Michael F. Thomas

Articles

Extreme events in the context of late Quaternary environmental change

Michael F. Thomas

Geographia Polonica (2003) vol. 76, iss. 2, pp. 139-156 | Full text

Further information

Abstract:

The significance of extreme events in landform change is discussed in the context of the late Quaternary. Millennia-scale cycles of climate change are less than the relaxation times of most landform systems and have led to widespread disequilibrium in natural landscapes. Slope failu-res and fluvial systems show parallel evolutionary trends in high and low latitudes, resulting from late Quaternary environmental changes. The transformation of geomorphic systems appears to require millennia of preparation time and research needs to establish the role of individual events within this timescale of enquiry.

Keywords: climate change, extreme events, fluvial systems, slope failures

Michael F. Thomas, School of Biological and Environmental Sciences, University of Stirling, Stirling FK9 4LA, Scotland, UK

Purpose, scale and method in land resource surveys

Michael F. Thomas

Geographia Polonica (1977) vol. 34, pp. 207-224 | Full text

Further information

Abstract:

The diversity and urgency of land use planning problems throughout theworld have led to a proliferation of reports and recommendations concerningland resource surveys and evaluations. These publications are notable as muchfor their different viewpoints as for their common aims, and recent attemptsto coordinate land classification procedures have not always clarified the issues.Many discussions appear to spring from an implicit assumption that all surveysshould have a common methodology and follow an accepted sequence of operations(Brink et al. 1966; Brinkman and Smyth 1972). Differences of purpose andof scale may invalidate such assumptions (Beckett 1968), but most if not allsuch surveys attempt spatial subdivisions of the land surface and are thereforeconcerned with the delimitation of areas having known properties of importanceto the prediction of land potential and performance under different uses ormanagements.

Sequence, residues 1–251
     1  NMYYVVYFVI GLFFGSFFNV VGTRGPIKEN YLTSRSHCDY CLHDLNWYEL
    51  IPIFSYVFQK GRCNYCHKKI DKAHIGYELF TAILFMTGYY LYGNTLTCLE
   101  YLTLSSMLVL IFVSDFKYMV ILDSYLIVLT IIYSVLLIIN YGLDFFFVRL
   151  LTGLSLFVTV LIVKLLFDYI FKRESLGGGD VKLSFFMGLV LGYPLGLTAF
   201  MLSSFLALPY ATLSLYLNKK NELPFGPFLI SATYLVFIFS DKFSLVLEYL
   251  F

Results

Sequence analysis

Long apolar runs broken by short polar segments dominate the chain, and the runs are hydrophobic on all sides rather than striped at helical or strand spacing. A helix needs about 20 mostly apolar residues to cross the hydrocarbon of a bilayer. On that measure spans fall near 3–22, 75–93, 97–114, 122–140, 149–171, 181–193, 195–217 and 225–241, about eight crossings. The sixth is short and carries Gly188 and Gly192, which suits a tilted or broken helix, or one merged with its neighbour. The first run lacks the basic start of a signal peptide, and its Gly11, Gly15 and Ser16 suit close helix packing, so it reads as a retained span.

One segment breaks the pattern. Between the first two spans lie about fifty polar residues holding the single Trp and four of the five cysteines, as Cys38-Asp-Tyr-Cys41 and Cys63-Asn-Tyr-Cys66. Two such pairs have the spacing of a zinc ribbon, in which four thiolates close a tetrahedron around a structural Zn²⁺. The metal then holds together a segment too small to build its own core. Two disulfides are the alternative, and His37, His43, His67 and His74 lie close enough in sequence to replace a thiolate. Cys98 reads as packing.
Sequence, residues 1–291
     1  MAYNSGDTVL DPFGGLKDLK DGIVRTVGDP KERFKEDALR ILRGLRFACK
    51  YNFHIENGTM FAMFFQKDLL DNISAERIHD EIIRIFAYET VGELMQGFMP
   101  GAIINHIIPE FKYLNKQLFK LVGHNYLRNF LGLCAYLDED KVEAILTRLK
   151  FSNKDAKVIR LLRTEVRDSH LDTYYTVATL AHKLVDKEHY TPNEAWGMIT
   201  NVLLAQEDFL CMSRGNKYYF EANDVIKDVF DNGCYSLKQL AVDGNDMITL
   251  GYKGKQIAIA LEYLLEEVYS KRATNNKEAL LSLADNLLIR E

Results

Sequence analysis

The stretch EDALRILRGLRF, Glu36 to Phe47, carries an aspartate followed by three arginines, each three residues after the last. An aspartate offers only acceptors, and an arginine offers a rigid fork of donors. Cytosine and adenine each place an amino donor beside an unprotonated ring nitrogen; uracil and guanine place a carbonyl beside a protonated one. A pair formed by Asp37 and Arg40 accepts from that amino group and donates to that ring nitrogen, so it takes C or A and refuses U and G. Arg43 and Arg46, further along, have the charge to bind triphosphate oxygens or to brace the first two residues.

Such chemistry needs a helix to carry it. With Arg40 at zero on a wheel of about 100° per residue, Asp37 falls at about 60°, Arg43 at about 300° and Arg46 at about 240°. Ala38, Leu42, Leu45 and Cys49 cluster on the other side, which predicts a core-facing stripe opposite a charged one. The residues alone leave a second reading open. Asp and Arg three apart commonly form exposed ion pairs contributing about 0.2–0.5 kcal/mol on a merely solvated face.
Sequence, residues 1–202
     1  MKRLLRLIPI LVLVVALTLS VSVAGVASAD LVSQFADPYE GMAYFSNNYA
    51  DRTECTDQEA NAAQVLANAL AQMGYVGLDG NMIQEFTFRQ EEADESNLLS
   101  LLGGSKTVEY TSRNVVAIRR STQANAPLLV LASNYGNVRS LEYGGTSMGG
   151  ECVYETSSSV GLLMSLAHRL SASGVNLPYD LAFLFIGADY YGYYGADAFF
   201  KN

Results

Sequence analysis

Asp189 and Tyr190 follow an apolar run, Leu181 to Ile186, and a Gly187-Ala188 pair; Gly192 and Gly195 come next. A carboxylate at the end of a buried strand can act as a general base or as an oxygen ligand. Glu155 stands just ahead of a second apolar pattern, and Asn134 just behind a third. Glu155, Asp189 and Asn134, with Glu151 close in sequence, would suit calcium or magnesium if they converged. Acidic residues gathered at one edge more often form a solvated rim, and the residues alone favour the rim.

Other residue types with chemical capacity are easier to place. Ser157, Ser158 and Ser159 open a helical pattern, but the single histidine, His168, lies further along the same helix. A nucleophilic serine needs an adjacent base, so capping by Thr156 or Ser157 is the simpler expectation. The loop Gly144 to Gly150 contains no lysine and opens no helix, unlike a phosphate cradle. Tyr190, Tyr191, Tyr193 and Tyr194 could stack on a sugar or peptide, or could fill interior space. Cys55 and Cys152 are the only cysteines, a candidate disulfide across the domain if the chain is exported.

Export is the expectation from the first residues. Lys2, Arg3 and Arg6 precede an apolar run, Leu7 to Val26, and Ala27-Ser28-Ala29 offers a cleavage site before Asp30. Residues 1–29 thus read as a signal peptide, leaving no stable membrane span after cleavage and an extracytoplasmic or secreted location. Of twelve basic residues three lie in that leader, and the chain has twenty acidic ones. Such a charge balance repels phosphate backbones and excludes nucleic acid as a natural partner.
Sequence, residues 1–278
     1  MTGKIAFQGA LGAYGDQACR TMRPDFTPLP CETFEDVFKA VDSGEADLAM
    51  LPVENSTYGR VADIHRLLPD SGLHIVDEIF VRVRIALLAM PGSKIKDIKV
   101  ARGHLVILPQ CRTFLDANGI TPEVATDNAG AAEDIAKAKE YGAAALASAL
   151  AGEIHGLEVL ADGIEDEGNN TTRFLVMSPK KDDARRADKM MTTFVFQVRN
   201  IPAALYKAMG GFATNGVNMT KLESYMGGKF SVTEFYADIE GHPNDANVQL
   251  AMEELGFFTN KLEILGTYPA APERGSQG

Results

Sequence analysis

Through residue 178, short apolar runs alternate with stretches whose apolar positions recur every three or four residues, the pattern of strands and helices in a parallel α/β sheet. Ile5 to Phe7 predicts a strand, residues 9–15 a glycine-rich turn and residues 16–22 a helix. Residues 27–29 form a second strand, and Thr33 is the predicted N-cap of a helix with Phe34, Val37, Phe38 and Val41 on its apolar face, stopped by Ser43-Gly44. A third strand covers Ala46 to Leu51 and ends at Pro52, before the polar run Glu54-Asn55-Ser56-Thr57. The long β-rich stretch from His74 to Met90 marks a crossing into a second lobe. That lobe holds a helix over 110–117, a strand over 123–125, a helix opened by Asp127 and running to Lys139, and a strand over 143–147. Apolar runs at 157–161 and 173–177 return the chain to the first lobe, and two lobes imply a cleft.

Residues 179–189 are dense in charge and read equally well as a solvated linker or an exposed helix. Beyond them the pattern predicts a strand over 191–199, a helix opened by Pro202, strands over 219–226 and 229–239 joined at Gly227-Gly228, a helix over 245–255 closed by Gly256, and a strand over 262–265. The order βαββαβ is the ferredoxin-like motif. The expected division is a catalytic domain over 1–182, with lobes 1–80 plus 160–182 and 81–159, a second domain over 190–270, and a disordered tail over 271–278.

The identification and mapping of land areas (land units) at varying scalesof enquiry are therefore central aims and problems in land resource surveys.But many reports avoid discussion of issues inherent in such a situation. Furthermore,although most land units have been defined in part on the propertiesof their geological and geomorphological foundations, geomorphologists havecommonly ignored the difficulties underlying this task. Before exploring thissituation in greater depth a number of general principles may be considered.

Keywords:

Michael F. Thomas, School of Biological and Environmental Sciences, University of Stirling, Stirling FK9 4LA, Scotland, UK